Have you ever seen Romeo Must Die? Which adaptation of William Shakespeare’s stories do you like the most? Share your thoughts in the comment section!
Originally, I was going to post my review for December’s Genre Grandeur. But, yesterday, I ended up watching Dora and the Lost City of Gold. So, I decided to review this movie instead. I’ll still publish my Genre Grander review, but it will appear on 18 Cinema Lane sometime this week. As I’ve said in two Word on the Street stories, Dora and the Lost City of Gold made Paramount, the film’s respective studio, lose money. One possible explanation lies in the movie’s less-than-stellar marketing campaign. Like a lot of people, I was not a fan of the film’s official trailer. To me, it felt like the studio didn’t understand the source material they were working with, similar to projects like Jem and the Holograms. This caused me not to see the movie in theaters. When I chose to rent it yesterday, I realized that the only theatrically released film from 2019 I reviewed was Avengers: Endgame. It became one of the reasons why I wanted to review Dora and the Lost City of Gold. Prior to watching this film, I have seen a few episodes of Dora the Explorer. But I don’t have fond memories of it like other people do. Let’s wrap this introduction up so we can go on a movie review adventure!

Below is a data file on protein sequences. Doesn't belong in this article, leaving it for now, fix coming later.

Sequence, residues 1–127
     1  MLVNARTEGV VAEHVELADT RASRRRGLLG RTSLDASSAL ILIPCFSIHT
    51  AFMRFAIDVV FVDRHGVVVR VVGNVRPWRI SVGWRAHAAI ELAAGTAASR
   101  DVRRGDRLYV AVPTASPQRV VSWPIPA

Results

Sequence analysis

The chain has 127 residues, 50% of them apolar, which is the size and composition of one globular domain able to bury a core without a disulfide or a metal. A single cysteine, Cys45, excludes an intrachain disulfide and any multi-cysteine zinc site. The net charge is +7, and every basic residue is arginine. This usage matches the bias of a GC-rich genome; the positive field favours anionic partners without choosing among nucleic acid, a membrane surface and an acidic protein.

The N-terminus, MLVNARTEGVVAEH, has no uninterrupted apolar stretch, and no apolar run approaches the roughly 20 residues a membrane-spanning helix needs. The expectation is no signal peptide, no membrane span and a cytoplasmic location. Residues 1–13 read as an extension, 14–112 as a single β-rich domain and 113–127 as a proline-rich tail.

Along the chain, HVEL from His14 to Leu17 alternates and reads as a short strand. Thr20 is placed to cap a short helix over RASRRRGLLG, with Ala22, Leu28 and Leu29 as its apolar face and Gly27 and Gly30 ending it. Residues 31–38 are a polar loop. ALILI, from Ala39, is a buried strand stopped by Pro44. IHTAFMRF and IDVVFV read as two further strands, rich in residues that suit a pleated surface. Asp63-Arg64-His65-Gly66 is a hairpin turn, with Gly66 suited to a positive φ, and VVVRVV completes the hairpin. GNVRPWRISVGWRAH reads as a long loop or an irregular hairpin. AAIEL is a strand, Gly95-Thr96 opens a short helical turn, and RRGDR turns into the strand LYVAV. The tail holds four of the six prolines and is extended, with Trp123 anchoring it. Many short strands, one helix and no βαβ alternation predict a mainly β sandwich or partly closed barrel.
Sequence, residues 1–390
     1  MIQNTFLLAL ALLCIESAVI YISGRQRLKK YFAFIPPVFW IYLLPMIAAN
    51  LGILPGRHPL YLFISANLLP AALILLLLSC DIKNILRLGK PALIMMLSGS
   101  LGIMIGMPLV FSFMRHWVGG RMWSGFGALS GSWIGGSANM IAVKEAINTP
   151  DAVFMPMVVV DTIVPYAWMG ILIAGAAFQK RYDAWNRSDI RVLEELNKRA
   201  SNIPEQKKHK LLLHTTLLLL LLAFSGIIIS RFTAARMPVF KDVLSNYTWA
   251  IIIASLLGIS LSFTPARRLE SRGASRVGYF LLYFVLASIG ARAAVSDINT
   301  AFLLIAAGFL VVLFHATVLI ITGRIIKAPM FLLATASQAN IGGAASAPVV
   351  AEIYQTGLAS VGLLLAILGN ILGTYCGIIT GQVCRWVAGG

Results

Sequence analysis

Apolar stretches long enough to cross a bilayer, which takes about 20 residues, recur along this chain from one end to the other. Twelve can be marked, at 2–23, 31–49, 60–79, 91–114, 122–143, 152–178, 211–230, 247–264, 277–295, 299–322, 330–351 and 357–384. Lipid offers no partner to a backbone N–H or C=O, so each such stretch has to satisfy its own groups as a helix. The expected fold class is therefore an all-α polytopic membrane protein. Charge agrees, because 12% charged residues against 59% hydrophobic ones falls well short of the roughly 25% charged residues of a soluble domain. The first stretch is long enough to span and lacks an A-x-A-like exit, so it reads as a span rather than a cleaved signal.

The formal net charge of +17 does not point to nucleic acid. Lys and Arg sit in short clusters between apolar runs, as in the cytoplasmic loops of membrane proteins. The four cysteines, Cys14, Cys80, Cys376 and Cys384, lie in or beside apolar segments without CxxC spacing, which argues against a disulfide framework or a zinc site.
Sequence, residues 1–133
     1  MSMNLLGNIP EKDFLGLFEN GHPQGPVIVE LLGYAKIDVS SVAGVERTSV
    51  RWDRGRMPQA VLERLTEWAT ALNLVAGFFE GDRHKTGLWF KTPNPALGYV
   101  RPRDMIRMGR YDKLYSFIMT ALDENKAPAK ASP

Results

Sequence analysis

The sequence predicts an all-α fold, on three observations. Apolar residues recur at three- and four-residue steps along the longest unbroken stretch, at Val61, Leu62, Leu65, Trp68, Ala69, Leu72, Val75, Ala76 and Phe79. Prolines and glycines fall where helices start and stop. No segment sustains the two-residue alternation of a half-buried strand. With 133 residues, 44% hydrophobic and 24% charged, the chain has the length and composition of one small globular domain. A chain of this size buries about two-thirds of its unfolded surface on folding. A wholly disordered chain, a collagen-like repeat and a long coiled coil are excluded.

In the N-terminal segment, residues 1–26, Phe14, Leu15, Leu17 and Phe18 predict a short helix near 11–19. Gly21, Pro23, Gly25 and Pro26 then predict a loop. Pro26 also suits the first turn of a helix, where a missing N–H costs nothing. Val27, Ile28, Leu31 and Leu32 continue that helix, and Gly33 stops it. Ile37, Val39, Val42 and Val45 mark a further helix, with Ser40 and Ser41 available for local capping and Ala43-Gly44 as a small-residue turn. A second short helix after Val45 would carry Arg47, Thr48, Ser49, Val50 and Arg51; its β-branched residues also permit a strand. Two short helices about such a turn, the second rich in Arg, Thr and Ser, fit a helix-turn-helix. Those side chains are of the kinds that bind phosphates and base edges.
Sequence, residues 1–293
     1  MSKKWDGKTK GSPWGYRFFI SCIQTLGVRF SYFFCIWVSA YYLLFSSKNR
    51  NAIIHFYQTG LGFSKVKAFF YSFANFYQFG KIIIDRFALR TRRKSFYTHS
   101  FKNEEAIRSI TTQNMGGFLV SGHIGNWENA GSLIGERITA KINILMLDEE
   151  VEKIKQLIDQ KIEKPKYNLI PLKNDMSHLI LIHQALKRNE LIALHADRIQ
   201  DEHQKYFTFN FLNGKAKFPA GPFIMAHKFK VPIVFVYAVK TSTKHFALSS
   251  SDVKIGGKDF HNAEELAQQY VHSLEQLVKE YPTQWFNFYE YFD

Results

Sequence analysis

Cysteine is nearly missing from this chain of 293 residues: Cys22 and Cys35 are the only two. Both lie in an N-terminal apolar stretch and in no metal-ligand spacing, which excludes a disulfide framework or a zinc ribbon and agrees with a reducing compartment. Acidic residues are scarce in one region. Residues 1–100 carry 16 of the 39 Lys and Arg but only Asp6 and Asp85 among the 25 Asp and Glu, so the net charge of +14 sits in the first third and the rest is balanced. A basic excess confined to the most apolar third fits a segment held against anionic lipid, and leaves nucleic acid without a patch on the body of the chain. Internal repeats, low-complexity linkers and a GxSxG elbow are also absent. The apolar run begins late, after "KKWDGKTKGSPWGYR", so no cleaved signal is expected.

Things I liked about the film: